na, op lange termijn ontgoochelen. In de herfst van 1998 bekeken we de
beursintroducties en toen bleken introducties van een of twee jaar oud de
beursindexen sterk te overtreffen. Cynici zouden natuurlijk kunnen zeggen dat
beursintroducties op de lange termijn eigenlijk nooit deugen. Eigenaars willen
maar een stuk van hun onderneming afstaan als de prijs eigenlijk te hoog is. Het
feit dat een aandeel ge
ntroduceerd wordt zou op zich genoeg moeten zijn om er
af te blijven. Wie toch aandelen wil kopen, zou dat veel beter twee
dehands doen bij ondernemingen die al langer op de beurs staan. Marc Coucke van
Omega Pharma zou of een filantroop zijn die zijn rijkdom zoveel mogelijk wil
delen, of hij werd bijgestaan door bankiers die niet konden rekenen of hij heeft
met Omega Pharma ook zichzelf verbaasd. Kan zijn.
Dat we in 1998 dachten dat introducties van 1 2 jaar oud wl een succes waren,
kan toch niet helemaal een illusie van het moment gewest zijn. De sfeer op de
beurs was toen ook niet euforisch. We hadden toen net de Azi -crisis verteerd,
de Rusland-crisis was uitgebroken en een mogelijk faillissement van het
LTCM-speculatiefonds begon onrust te zaaien. Het was echt nog niet de tijd van
de grote speculatieve beurszeepbel. Anders zou u nog kunnen stellen dat
introducties beter dan gemiddeld presteren in een stijgende beurs. Een
nieuwkomer op de beurs heeft normaal expansieplannen of hij moet die minstens
voorwenden, anders is het niet duidelijk waarom hij om geld zou komen vragen. In
een expansieve economie zou een groeier beter presteren dan de gemiddelde beu
rsgenoteerde onderneming. Maar we maakten onze berekeningen in oktober 1998.
Onze theorie is niet dat ondernemers die naar de beurs gaan er altijd op uit
zijn om uw zakken te rollen. Dan zouden beursintroducties altijd te mijden zijn.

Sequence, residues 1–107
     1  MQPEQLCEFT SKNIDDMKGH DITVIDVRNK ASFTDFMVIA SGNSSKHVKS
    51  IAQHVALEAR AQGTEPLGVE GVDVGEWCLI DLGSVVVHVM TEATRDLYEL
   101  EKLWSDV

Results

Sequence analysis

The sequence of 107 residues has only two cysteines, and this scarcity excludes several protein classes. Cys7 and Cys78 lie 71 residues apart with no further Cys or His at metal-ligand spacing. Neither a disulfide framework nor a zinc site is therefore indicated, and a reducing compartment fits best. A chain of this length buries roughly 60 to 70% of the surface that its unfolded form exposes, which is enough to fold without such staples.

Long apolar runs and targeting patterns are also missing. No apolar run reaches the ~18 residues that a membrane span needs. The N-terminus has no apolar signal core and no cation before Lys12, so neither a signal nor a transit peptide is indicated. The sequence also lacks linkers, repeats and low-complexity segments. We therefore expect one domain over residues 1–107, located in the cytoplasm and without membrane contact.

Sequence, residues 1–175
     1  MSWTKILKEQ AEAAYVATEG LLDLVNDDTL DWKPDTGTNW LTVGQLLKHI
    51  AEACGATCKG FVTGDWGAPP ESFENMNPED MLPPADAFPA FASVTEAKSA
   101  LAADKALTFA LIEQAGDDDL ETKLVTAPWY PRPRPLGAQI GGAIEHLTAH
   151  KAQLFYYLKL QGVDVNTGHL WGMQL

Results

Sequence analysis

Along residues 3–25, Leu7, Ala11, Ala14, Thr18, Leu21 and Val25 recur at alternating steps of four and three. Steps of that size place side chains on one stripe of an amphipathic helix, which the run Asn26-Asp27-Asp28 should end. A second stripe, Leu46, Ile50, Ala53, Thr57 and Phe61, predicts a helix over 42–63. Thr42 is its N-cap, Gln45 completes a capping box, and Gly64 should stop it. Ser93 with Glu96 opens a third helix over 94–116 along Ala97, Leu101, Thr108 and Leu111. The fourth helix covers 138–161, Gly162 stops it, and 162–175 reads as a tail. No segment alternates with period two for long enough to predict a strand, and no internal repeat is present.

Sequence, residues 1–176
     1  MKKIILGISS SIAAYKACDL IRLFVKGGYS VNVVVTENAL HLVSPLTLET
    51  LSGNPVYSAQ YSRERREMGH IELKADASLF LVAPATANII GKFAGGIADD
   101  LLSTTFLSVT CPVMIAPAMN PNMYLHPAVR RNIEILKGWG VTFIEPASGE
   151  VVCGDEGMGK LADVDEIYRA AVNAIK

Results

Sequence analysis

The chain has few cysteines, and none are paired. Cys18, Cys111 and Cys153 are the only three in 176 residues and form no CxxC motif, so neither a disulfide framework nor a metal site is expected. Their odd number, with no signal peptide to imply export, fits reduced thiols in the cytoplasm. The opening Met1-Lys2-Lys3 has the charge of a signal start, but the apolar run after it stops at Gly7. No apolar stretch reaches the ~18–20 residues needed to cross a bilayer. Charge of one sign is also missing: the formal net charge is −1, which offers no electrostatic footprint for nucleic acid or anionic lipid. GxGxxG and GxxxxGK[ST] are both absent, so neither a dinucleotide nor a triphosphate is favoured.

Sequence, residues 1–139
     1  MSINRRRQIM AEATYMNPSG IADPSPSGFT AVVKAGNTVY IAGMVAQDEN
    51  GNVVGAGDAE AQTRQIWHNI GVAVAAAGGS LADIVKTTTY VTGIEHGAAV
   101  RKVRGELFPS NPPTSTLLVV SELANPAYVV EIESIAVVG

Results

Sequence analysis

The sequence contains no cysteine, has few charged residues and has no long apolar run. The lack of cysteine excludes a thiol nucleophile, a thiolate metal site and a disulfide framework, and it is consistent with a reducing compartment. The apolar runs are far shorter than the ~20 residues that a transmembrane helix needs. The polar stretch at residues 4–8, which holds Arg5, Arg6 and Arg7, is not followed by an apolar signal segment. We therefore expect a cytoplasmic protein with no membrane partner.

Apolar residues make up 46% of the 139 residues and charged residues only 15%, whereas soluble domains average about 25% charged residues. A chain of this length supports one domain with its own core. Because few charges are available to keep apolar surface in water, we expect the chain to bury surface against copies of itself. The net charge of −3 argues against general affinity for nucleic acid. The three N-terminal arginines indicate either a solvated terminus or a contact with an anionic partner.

We denken dat er eerder een leereffect is. Een belegger leert echt wel uit het
verleden, maar hij heeft tijd nodig. Het probleem is dat iedereen zo zeker was
van de waarde van nieuwe beursintroducties. Er waren immers spijkerharde
gegevens om het te ondersteunen. De reactie was dat voor nieuwe introducties een
premie geboden werd, die op de duur tot te excessieve introductieprijzen leidde.
Het is een beetje de varkenscyclus in beleggersland. Als varkensvlees schaars
is, wordt het duur. De reactie is dat veel nieuwe varkenskwekers opduiken. Die
zorgen voor een overaanbod en een lage prijs voor het varkensvlees, waarop een
aantal kwekers het vak verlaat, waardoor het varkensvlees weer duur wordt.
Momenteel zit het idee dat beursintroducties onderpresteren zo diep geworteld
dat de volgende grote beursintroductie waarschijnlijk met een zware negatieve
premie tegenover de rest van de markt zal gebeuren. Het probleem is dat de
meeste ondernemingen tegen die prijs beter geen kapitaal via de beurs
aantrekken. Het is niet voor niets dat nu geregeld doodgewone ondernemingen met
een premie van de beurs gehaald worden. Het komt er dus op neer dat de volgende
introductie relatief te goedkoop zal zijn tegenover de rest van de markt. Maar
waarschijnlijk zal de markt als geheel wel een stuk duurder zijn voor het zover
In de Verenigde Staten werden we deze week met een absurd staaltje van de
geringe houdbaarheid van beurswijsheden geconfronteerd. De normaal aanvaarde
waarheid was dat eerlijkheid en goed ethisch gedrag loont op de beurs. Een
ernstige studie van professoren van wetenschappers van Harvard en Wharton had in
februari nog aangetoond dat goed degelijk bestuur of corporate governance zo kan
worden afgelezen uit de beleggingsresultaten. Een dollar belegd in 1990 in de
groep van de ethische ondernemingen was einde 1999 7,10 dollar waard, rekenden
ze uit. En dollar belegd in het minst ethische staal van hun onderzoek was 3,39
In hun rubriek op www.cnbc.com maken Victor Niederhoffer en Laurel Kenner zich
daar een beetje vrolijk over. Ze kwamen tot de vaststelling dat het veel
voordeliger was om het jongste jaar in ondernemingen met een slchte corporate
governance te beleggen. Niederhoffer mag dan een cynische speculant zijn, het is
een ernstige figuur met een doctoraat in de economie van de Universiteit van
Chicago op zak. Hij vindt de studie van zijn vakgenoten niet onzinnig. Alleen:
met de waarheid van 1999 voor ogen boden beleggers tegen elkaar op voor aandelen
van goed bestuurde ondernemingen. Op de duur werd de premie zo hoog dat beleggen
in de schuinsmarcheerders meer opleverde. Het volstond gewoon dat ze, tegen de
verwachtingen in, hun aandeelhouders nt bedrogen. Bij de
anderen zat goed gedrag al in de koers. Iedere misstap werd contant betaald. Om
het nog grappiger te maken: in de studie van 1990 tot 1999 scoorde Enron zeer
goed voor een degelijk bestuur met onder meer de inbreng van externe
Zou u beleggen in een onderneming waar de grote baas zijn zoon, zijn echtgenote
en zijn familieadvocaat in de raad van bestuur zet? De man die dat klaarspeelt,
heet wel Warren Buffett, merken Niederhoffer en Kenner op. Een reputatie hangt
niet alleen van statistisch goed gedrag af.
Het is een beetje de varkenscyclus in beleggersland.